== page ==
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It's Not Personal

Michael F Lipp

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Here's the situation: You're working hard. You think you're doing good work. All of a sudden, apparently out of the blue, your boss jumps all over you for some fault that you either didn't do or you forgot about or that you consider picayune. . . or, at best, something silly. Your day is ruined. Your time in this job is ruined. You don't know how to respond. You want to quit (but you don't think you can). More so when you then swallow it all and it happens again and yet again.

I write this because it has just happened to someone close to me, someone I'm not coaching. But this is something I coach about, both the boss and the employee or the father and the son or the husband and the wife - individually

But how can you make it stop when you didn't see it coming and don't think you had anything to do with it at all? Particularly when the other person apparently has the power and “the threat" (which seems to make it worse. )

Isn't it easier to just quit? Is it worth it to ‘try?’ Have you ever thought about how to communicate with bosses, fathers, husbands, brothers, partners? Is it possible to communicate in such a way that the situation is diffused, that you are together in the situation? What is it that prevents your apology - not because you did anything, but because the other person desperately needs to hear it?

Here's what I suggest (let's assume it's your boss): First, get this mindset: It has nothing to do with you. Nothing! This is not personal. Now this is very hard to get, but it's crucial. Request a few minutes. Apologize - no matter how absurd that seems. And say, “I just want you to know I'm committed to your success. "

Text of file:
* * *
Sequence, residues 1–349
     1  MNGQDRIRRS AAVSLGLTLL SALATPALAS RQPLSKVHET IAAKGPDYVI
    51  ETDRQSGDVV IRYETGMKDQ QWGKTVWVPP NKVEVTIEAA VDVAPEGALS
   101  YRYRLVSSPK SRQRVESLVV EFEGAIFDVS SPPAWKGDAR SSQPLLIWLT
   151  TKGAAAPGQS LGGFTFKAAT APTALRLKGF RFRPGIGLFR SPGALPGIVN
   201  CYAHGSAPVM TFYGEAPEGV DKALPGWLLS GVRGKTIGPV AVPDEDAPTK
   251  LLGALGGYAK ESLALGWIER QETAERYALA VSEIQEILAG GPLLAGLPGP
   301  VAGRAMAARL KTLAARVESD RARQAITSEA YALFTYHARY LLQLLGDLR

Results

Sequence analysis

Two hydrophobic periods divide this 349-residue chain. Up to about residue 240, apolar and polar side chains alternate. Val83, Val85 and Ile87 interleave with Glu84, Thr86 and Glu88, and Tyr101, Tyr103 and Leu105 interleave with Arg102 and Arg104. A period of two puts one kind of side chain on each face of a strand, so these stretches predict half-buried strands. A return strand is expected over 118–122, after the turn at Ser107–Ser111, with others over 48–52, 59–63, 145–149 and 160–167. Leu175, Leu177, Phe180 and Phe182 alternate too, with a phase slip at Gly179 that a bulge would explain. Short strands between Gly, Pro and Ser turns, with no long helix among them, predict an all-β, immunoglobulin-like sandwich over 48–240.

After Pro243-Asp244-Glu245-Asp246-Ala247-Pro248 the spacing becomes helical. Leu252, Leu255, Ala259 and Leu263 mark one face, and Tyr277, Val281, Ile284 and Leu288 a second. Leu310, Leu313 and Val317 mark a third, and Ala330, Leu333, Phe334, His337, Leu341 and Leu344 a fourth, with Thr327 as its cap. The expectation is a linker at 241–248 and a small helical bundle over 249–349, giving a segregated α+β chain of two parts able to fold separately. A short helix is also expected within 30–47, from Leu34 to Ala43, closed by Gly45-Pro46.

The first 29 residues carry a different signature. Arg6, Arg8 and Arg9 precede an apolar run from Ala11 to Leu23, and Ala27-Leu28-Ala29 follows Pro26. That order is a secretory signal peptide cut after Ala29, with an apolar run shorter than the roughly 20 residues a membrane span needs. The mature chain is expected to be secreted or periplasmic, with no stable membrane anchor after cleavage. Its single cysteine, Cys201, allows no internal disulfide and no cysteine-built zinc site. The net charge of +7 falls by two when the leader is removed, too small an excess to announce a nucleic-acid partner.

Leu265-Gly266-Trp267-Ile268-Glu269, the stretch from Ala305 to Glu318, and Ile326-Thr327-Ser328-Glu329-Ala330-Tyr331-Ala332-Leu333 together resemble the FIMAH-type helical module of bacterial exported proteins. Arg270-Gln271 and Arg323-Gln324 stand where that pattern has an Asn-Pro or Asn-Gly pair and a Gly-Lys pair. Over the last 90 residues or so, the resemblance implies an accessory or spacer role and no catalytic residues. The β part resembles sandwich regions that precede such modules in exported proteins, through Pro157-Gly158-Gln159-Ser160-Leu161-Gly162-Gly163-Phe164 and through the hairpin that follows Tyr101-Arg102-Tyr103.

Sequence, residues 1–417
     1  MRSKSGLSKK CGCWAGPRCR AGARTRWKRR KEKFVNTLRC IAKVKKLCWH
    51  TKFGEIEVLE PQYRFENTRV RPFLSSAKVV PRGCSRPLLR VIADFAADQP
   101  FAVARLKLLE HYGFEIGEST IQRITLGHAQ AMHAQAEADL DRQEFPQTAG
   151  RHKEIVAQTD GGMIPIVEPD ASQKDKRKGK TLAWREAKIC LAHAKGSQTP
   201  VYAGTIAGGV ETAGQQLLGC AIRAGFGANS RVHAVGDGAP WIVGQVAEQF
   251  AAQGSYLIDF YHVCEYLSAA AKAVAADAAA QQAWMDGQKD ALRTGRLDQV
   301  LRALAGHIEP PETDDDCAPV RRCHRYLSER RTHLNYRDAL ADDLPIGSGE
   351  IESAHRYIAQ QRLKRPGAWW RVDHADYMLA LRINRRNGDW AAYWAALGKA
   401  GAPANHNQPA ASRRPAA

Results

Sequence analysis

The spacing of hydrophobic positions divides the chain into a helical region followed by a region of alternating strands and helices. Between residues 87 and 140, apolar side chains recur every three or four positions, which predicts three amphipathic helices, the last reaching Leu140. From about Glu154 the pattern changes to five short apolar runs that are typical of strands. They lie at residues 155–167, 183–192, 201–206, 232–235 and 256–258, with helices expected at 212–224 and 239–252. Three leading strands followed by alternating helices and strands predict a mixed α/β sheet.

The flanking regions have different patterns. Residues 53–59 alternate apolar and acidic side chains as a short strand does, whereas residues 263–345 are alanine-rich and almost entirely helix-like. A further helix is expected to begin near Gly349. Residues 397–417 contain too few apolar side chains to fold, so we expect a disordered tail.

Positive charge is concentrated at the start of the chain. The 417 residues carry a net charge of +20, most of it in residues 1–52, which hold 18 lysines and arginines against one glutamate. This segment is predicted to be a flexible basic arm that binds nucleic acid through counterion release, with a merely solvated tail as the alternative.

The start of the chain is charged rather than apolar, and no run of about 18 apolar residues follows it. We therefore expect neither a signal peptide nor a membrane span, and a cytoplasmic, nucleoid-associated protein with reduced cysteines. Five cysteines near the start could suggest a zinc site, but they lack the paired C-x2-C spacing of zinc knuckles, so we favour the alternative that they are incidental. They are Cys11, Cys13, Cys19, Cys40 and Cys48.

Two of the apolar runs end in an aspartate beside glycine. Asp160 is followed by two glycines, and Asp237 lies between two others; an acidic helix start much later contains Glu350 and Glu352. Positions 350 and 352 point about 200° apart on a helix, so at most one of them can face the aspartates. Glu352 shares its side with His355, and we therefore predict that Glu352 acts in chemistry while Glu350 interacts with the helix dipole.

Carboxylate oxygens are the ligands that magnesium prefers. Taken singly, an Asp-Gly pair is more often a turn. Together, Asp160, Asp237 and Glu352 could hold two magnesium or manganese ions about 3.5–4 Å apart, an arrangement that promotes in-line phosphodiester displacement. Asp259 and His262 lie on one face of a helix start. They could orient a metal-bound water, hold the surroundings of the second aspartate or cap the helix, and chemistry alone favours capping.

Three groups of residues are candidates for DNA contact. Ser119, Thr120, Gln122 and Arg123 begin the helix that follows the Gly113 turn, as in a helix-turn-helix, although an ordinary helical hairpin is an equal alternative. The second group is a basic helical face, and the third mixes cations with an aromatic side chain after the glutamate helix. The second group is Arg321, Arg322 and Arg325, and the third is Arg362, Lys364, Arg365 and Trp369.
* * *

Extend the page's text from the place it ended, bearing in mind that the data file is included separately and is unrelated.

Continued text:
The boss may have a stomach ache, may have had a fight with his wife (or her husband), may have gotten chewed out by the next higher boss, or a million other things. And you were at the bottom of this chain. And bosses have as difficult time saying, “Joe, I'm sorry I mouthed off at you before" as you have, responding.

The trick is knowing it's not personal. Once you know that, you can stay sane and deal with it.

Michael Lipp coaches professionals to have great staffs and staffs to have great practices. He gives teleseminars (next one April 30) and gives e-courses on the Relationship Principles, The Laws That Have Them Work.
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